Jainism has resolved many metaphysical and epistemological conflicts in Indian philosophical tradition by using this technique of Naya or Syadavada. For example, Buddhism characterizes reality as completely momentary. It emphasizes its ever-changing nature and believes that there is nothing stable in the universe. Everything is momentary. Stability is mere misperception or misconception. On the contrary, Advaita Vedanta philosophy believes that Real (the Brahman) is unchangeable & stable. Change is simply illusion, ignorance or Maya. That which changes cannot be considered 'Sat' or 'Real'. Thus Advaita Vedanta propagates philosophy of identity or permanence, which is the exact anti-thesis to Buddhism, which supports with equal tenacity, the doctrine of total impermanence and the consequent idea of continuous flux. Buddhism and Vedanta engaged in long vehement debates on this issue in the history of Indian philosophical tradition. Jainism, using the theory of Syadavada tried to resolve this conflict by showing that like the blind men of the above mentioned parable, both of these philosophical systems are looking at only one aspect of the reality and claiming it to be the 'whole truth'. According to Jainism, the Real is characterized by birth or origination, death or destruction and stability or continuity (Utpadavyaya Dhrauvya Yuktam Sat - Tatvartha Sutra V-30). Everything real must have these triple characters of productivity (Utpada), destructibility (Vayaya) and at the same time permanence or persistence (Dhrauvya) underlying it. Conversely, whatever lacks any of these three aspects is simply a mental abstraction and not real. In consistency to this, Jainism defines substance as 'Guna Paryayavada Dravayam' - the substance is constituted by 'Guna' - the intrinsic permanent attributes or qualities, and 'Paryaya - the ever changing modes or states. For example, the mental substance - Atman or Soul has some intrinsic permanent qualities like consciousness, knowledge etc. and constantly changing Paryayas like greed, anger, love, hatred, happiness, grief etc. This kind of characterization of reality presents a fine example of identity - in-difference that very consistently accommodates both Being and Becoming.

        Thus, Jainism provides a balanced way for resolving the conflict between the two extreme ontological positions taken by Buddhism and Advaita Vedanta about the nature of reality. From the Anakentic approach one can easily see that both these schools emphasize only one aspect of the reality in complete exclusion of the other aspect and therefore are not able to appreciate the point of view of the other philosophical systems. Once their attention is directed towards the lopsidedness or one-sidedness (ekantic) of their approach the conflicts may be resolved more easily.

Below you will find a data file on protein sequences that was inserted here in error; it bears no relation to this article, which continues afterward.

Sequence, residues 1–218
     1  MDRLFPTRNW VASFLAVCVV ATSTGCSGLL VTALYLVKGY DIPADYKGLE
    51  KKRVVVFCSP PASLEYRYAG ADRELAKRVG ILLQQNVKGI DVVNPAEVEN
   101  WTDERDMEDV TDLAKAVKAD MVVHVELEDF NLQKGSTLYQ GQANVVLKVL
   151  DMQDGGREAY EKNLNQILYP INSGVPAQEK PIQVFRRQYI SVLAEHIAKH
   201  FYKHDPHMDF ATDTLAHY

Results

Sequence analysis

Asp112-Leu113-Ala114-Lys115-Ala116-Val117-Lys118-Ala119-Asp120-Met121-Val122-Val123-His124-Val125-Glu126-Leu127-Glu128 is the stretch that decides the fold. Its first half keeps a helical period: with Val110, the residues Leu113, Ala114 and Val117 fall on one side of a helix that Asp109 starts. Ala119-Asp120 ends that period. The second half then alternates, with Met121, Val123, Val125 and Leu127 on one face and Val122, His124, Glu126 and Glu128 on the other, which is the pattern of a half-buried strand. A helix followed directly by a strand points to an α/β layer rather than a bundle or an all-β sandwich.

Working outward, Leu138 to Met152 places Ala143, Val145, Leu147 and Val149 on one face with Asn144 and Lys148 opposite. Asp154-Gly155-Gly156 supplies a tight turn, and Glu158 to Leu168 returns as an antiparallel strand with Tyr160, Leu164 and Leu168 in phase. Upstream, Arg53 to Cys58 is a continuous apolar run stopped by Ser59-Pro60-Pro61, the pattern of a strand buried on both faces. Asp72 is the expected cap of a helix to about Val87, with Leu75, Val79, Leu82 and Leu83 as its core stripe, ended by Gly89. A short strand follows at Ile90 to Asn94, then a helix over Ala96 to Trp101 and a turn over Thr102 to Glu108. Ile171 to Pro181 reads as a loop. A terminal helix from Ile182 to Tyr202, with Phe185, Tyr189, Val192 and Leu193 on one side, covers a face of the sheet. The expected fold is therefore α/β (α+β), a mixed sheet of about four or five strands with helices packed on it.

A similar approach is needed for resolving differences in practical realm also. Most of the conflicts, divisions, strife and animosity of our lives - whether on personal level or on social, cultural, political, economical, religious, national, inter-national level, are rooted in the fact that we, as individual as well as community or groups, tend to become self-centered. We do not leave room for and are not able to appreciate any perspective, which is different from ours. We are not ready to recognize validity of the multiplicity of perspectives and hence treat our own perspective as 'The Perspective'. The theory of Anekantvada and Syadavada warns us against building closed systems of philosophy, bring 'Openness' in our approach, make us more tolerant, generous, understanding and respectful towards differences of opinion and inspires us to transcend our own self-centered perspective.

        Describing Syadavada as a philosophy of standpoints a critic has rightly observed: "It is a revolt against the tendency in philosophers to build closed systems of philosophy. According to Jainism, the universe in which we live is an active universe, plastic and full of possibilities and no particular current of thought can fully comprehend it. In order to do justice to the complexity and variety of such a universe, thought must not be hurried to any easy terminus but must be allowed to follow its course freely and meander through the whole field of experience, crossing and recrossing it, so as to create a great confluence of standpoints rather than a closed system. The tendency ingrained in the philosophers to build architectonic systems is inimical to the adventure of thoughts. Each philosopher approaching reality from a particular and a partial standpoint looks upon the one he adopts as the only true standpoint. Jainism rejects the idea of the absolute, which is playing havoc in the field of philosophy by creating absolute monisms, absolute pluralisms, and absolute nihilisms. By thus rejecting the absolute and the one-sided, it claims to save philosophy from the chaos of conflicting opinions. Without partiality to any one it promises to give us a theory of relativity which harmonises all standpoints". (G.H. Rao: The Half-Yearly Journal of the Mysore University, March, 1942, pp. 79-80.)

        Thus, in stark contrast to the Fundamentalist Religions, Jainism encourages religious generosity, openness for possibility of new perspectives, tolerance for differences of opinion and respect for other religions. It entails one of the profoundest expressions of intellectual non-violence and its concepts of Saptabhangi Naya (the doctrine of sevenfold predication) and Nayavada - the doctrine of partial stand points, provide a strong foundation for a religious framework which can provide a befitting response to ills & threats of religious fundamentalism and pave the way to build a more harmonious, more tolerant, respectful, non- dogmatic non-extremist, pluralistic, cooperative and peaceful human society. This endeavor needs to be guided by the spirit of Anekanta, the unique contribution of Jainism to human civilization.

Share this page on: